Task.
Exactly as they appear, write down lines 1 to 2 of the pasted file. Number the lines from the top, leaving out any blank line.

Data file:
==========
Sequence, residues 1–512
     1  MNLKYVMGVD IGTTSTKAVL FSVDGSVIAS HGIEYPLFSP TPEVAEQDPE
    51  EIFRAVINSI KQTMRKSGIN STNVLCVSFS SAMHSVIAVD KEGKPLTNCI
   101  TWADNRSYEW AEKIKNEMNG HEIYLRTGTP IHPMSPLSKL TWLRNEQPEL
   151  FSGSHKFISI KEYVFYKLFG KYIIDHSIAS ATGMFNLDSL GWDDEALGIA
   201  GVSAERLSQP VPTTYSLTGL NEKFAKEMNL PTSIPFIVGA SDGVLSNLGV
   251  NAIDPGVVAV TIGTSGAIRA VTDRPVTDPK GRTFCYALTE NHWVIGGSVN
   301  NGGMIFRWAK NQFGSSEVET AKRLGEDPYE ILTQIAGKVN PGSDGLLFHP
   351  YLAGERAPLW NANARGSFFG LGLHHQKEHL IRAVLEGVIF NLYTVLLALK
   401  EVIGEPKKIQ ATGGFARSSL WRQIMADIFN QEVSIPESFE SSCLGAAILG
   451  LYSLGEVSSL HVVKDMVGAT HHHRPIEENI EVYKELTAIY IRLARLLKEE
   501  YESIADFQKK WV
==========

Sequence, residues 1–512
     1  MNLKYVMGVD IGTTSTKAVL FSVDGSVIAS HGIEYPLFSP TPEVAEQDPE